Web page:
• Adjust contrast and brightness.

RISK:  Chair is uncomfortable and increases the risk of pain

SOLUTIONS:

  • Ensure normal spine curvature is maintained.
  • Adjustable chairs are advisable. It should be possible to adjust for height and back tilt.
  • Padded seats are better.
  • The chair should be balanced (often, five wheels recommended to allow easy movement but no tipping).
  • Feet should be flat on the floor. Use foot rests if chair adjustment is not possible; they should angle up to 15 degrees toward you.
  • Your lower back should be supported.
  • Armrests should be present. They should be adjustable and padded to minimize elbow stress.  Keep arms close to your sides regardless of whether or not they are used.

RISK:  Keyboard is suboptimal, leading to upper extremity, neck, or other problems

SOLUTIONS:

  • Keyboard should keep elbows bent about 90 degrees and close to sides.
  • Tilt should be adjustable.
  • Experiment with different types of keyboards. Variations include keyboards that are rotated, split, or curved.  (Research regarding benefit of this is still not conclusive.)

RISK:  Mouse use causes pain

SOLUTIONS:

  • Your wrists should not be bent forward or backward at all when using the mouse; they should be in neutral position.
  • Some people find it easier to use a mouse with a trackball or touchpad.

RISK:  Phone use leads to neck pain

SOLUTIONS:

  • Use a hands-free unit or speaker phone.
  • Vary phone use time with time spent doing other tasks.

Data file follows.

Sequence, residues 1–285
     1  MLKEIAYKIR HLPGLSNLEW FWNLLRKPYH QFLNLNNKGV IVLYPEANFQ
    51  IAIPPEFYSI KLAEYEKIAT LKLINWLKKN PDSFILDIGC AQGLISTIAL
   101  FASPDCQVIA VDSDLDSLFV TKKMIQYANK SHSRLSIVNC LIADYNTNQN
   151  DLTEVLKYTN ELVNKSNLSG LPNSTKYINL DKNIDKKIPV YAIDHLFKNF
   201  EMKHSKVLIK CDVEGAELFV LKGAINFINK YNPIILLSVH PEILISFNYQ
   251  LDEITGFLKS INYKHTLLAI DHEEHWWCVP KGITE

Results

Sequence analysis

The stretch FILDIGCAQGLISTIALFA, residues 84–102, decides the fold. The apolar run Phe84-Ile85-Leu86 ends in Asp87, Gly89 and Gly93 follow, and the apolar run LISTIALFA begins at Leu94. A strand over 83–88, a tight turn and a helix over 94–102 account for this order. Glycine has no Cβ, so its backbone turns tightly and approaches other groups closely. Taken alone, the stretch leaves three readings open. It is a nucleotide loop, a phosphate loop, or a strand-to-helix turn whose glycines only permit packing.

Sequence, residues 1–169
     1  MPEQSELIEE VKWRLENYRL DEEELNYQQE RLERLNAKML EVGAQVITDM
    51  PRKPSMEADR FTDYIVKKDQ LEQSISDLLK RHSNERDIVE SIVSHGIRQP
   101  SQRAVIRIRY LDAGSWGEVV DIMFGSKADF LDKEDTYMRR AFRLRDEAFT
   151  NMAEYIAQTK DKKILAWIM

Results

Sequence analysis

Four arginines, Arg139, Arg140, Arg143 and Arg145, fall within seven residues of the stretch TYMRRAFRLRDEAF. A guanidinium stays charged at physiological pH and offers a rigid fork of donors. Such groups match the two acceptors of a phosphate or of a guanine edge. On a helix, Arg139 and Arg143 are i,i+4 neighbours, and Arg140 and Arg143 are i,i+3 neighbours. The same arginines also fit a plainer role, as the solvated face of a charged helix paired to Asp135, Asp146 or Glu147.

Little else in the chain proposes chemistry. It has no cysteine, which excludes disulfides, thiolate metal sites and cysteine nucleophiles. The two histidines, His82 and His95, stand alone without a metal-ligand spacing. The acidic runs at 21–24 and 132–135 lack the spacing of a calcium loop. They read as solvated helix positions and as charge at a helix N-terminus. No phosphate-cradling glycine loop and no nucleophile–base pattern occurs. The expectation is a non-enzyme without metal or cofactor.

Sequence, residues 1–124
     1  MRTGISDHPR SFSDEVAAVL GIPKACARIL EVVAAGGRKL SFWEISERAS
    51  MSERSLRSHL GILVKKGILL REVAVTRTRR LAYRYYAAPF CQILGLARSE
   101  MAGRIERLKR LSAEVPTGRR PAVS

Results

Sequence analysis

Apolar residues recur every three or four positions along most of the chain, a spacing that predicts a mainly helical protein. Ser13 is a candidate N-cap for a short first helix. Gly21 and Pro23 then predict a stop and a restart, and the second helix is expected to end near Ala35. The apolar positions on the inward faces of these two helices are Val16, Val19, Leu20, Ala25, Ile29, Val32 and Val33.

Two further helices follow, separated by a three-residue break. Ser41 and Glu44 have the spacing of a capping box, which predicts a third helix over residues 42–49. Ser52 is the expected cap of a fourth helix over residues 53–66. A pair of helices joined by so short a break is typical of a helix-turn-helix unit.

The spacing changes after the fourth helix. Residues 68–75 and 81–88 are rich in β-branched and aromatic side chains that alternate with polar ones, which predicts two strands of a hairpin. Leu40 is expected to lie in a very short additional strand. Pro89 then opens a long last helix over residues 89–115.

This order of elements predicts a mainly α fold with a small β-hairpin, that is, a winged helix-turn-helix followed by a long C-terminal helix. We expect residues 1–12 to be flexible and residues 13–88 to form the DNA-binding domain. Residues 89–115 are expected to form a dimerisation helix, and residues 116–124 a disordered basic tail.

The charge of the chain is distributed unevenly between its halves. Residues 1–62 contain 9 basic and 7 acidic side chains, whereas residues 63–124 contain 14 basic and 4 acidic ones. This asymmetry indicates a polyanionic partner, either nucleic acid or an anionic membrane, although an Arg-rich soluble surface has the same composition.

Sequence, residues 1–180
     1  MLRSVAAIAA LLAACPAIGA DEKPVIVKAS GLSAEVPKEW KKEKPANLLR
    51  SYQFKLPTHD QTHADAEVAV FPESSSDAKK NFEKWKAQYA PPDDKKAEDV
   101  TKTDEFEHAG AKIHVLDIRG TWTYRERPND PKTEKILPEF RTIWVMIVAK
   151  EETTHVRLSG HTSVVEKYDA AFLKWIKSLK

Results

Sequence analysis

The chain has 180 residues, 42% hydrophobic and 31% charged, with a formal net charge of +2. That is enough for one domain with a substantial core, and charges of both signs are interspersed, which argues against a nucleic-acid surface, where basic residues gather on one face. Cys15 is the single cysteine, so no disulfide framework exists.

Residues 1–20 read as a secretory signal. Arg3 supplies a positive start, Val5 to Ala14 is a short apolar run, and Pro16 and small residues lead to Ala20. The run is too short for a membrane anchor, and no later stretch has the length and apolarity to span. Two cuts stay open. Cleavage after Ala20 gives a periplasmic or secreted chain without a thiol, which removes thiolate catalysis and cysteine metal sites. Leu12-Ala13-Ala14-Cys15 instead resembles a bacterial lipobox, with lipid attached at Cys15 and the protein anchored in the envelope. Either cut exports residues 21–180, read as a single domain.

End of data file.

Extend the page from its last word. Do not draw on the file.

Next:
• Call using your computer, and follow the guidance for computer positioning.

For nursing staff, the VA offers guidance regarding safe patient handling and movement in the Patient Care Ergonomics Resource Guide: Safe Patient Handling and Movement, a document developed by the Ergonomics Technical Advisory Group of the Department of Defense.

These simple suggestions are safe and easy approaches that may do much to enhance Whole Health at work.  Have people try just a few at a time, and keep exploring options as needed.  Be sure to ask for support from ergonomics experts in the workplace.

Author(s)

“Improving Work Surroundings through Ergonomics” was written by J. Adam Rindfleisch, MPhil, MD, (2014, updated 2018).

This Whole Health tool was made possible through a collaborative effort between the University of Wisconsin Integrative Health Program, VA Office of Patient Centered Care and Cultural Transformation, and Pacific Institute for Research and Evaluation.